Maliki criticized as violence flares
Violence flared in the Iraqi capital Friday, adding to sectarian tensions as raids and shootings erupted in the streets and bombs exploded in crowded marketplaces.
Throughout the day, Iraqi and U.S. troops conducted raids and traded gunfire with insurgents, including a daylong raid in Baghdad’s Fadhil neighborhood, a Sunni Muslim area.
Prime Minister Nouri Maliki has attempted to reassert his authority in recent weeks, confronting U.S. leaders, demanding more control over national security and weighing plans to reconfigure his Cabinet. In a meeting with President Bush on Thursday, Maliki had promised that Iraqi security forces would be able to protect citizens without U.S. military support by June.
But Iraqi leaders and citizens were skeptical Friday that the prime minister could fight the rising tide of civil war.
Abdelaziz Hakim, leader of Iraq’s largest Shiite Muslim party, the Supreme Council for Islamic Revolution in Iraq, attempted to reach out to opponents Friday, speaking at a mosque in neighboring Jordan and appealing to Sunnis for national unity.
The week before, Hakim had warned Sunnis that they would suffer most if Iraq’s civil war worsened. This time, he appealed for an end to violence. “All of us, Sunnis and Shiites, should stand in the way of this sickness that is manifesting [itself in] the body of our nation,” he said. Hakim is scheduled to meet with Bush in Washington on Monday.
On Friday, however, those gathering at mosques across Iraq, Sunni and Shiite, said they saw Maliki’s meeting with Bush as largely unproductive, and yet another sign their country was falling apart.
“The wicked American administration is the basic reason for these seditions happening among our peoples,” Sheik Abdul Zahra Swaidi told worshipers at Hikma Mosque in Sadr City, the capital’s largest Shiite neighborhood, where car bombs killed more than 150 people last week. Iraqi officials must choose between loyalty to the U.S. government and to the Iraqi people, he added. If they choose the U.S., he said, they can expect more rebellion.
Sheik Abdullah Hassan, a Sunni preacher in Fallouja, told worshipers the Iraqi government had become dysfunctional, its leaders divided by ethnic and religious ties and under the sway of foreign powers.
“We have reached a point where we are required to tell the government that you have failed to provide services and security to Iraqis,” he said. " ... What I see is that the politicians are helping the occupier and putting their hands between the hands of foreigners to create sectarian sedition.”
Iraq’s Interior Ministry reported Friday that 1,862 civilians had been killed in violence in November. The figure is based on deaths registered at police stations and morgues. United Nations figures put the civilian death toll higher.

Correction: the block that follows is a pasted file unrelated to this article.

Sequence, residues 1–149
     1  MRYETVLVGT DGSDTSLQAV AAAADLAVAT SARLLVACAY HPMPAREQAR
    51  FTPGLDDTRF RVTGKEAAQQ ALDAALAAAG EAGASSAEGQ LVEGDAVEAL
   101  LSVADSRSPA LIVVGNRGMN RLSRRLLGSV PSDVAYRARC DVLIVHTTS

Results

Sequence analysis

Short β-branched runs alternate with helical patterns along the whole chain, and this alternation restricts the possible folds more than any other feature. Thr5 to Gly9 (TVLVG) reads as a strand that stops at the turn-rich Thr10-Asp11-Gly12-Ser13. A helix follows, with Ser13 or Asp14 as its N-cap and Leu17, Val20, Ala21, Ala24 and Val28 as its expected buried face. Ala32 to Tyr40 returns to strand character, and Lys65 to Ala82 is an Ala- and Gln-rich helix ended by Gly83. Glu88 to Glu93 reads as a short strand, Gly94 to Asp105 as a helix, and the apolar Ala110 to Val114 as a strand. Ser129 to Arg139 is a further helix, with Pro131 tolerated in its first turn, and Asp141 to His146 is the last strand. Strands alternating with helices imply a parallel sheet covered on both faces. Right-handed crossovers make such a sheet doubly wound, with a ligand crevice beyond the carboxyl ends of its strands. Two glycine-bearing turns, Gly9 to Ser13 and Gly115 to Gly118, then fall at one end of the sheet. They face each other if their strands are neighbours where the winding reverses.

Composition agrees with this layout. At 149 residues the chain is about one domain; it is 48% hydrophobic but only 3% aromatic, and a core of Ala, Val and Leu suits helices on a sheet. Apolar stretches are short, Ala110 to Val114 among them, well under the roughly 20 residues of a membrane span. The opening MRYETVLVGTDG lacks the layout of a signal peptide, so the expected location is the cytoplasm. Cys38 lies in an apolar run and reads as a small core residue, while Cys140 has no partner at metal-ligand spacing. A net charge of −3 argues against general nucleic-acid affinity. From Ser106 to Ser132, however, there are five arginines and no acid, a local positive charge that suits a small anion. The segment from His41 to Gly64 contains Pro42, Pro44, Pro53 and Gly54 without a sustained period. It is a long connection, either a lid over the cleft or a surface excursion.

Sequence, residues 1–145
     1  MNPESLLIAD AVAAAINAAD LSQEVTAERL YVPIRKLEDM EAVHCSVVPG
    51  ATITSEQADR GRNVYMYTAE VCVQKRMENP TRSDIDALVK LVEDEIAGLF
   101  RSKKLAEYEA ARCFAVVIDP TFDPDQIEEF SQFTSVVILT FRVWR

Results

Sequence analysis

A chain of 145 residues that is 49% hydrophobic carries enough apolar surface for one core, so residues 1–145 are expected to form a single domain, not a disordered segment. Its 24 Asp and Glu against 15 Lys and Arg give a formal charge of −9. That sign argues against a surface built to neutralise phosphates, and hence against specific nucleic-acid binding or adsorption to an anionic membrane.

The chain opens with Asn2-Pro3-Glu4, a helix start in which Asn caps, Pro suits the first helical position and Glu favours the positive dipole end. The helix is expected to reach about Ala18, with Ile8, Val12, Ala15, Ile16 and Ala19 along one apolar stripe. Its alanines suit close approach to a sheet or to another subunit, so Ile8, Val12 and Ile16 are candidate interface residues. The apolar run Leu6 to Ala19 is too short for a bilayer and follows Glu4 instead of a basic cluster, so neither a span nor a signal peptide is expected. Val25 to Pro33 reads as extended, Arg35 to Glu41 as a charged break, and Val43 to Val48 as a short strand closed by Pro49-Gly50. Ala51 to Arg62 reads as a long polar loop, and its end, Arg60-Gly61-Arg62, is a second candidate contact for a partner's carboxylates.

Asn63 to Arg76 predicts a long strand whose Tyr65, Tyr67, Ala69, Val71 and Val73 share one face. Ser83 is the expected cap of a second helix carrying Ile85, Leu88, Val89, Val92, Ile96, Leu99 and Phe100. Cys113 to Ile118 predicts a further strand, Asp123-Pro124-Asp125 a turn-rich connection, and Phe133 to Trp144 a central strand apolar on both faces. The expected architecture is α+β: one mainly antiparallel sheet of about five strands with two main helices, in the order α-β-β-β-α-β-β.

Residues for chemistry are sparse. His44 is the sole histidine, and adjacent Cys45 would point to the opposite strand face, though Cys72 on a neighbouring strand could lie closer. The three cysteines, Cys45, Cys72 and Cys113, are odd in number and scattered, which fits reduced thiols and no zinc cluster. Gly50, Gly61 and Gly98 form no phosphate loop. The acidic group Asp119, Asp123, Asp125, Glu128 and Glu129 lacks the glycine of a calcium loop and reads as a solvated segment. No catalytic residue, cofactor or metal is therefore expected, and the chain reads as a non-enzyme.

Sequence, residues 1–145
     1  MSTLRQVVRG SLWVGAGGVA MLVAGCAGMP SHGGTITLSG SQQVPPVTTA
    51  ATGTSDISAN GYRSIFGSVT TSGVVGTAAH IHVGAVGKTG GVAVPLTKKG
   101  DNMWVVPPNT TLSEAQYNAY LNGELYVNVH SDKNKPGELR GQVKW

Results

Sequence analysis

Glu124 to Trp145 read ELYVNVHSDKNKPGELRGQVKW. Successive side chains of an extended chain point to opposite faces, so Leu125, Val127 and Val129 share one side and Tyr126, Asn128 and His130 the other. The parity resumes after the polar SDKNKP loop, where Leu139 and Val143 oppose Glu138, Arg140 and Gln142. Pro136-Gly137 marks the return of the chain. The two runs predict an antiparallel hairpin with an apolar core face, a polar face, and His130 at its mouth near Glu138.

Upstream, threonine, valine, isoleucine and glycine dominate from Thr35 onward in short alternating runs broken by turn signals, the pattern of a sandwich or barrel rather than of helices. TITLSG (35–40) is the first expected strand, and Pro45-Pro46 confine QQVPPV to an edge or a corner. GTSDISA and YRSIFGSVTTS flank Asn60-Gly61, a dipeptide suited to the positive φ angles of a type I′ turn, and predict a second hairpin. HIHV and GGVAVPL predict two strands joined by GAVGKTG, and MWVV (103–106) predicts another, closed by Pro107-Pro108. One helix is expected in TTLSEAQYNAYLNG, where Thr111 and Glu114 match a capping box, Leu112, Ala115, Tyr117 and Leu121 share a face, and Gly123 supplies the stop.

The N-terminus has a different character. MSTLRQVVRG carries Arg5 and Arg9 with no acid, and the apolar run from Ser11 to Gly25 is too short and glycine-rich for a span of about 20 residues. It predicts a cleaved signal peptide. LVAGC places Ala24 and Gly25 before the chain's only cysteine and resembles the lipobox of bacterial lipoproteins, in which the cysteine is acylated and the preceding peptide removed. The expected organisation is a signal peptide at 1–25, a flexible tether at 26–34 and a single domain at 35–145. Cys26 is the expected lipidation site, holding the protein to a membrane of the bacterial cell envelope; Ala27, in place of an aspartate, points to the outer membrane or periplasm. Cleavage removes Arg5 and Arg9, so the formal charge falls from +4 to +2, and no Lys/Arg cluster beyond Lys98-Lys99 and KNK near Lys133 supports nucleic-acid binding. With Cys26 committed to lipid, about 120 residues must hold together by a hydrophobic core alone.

On Friday, at least 14 more Iraqi civilians were killed across the country in sectarian violence, including a woman who was used as a human shield by insurgents in Baghdad and two people killed by a suicide bomber in the northern city of Kirkuk.
The U.S. military announced Friday that a soldier had been killed Thursday, bringing the total of U.S. troops killed since the conflict began more than three years ago to 2,885, according to www.icasualties.org. The military also reported that a detainee at Baghdad’s Camp Cropper died of natural causes late Thursday after being admitted to the hospital Nov. 2 for treatment of a preexisting condition.
Also in the capital Friday, the manager of a professional Baghdad soccer team was reported kidnapped. Hadib Majhoul, 52, a Sunni father of two from a wealthy family who managed the Talaba soccer club, was abducted Thursday, according to Malaib newspaper, published by Iraq’s National Olympic Committee.
In the fighting in and around the Fadhil neighborhood, an Iraqi soldier was killed and eight soldiers and six civilians injured. An Interior Ministry source said 28 insurgents had been arrested during the raid; the Ministry of Defense reported 43 people detained.
Police said seven people were killed and 33 wounded in separate Baghdad explosions early Friday -- a car bomb in the Ghazil pet market and a roadside bomb in Wathba Square, two Friday gathering places in central Baghdad. Four people were killed and three injured by shelling in the mainly Sunni area of Rashdiya in northern Baghdad.
Shooting continued late Friday in alleys near Wathba Square, where a charred metal telephone cable box marked the site of the morning’s explosion.
“Watch out -- there is a sniper,” a boy cried as he darted across the dusty road leading to Ghazil and Fadhil.
A nearby grocer said the only reason to travel the road these days would be “if you want to die.”
A beggar in a wheelchair pointed to the site of the roadside bomb, littered with ashes and glass from car windows.
“It seems that Fadhil is burning up,” he said.
Times staff writers Raheem Salman, Suhail Ahmad and Zeena Hamid in Baghdad and special correspondents in Fallouja, Kirkuk and Mosul contributed to this report.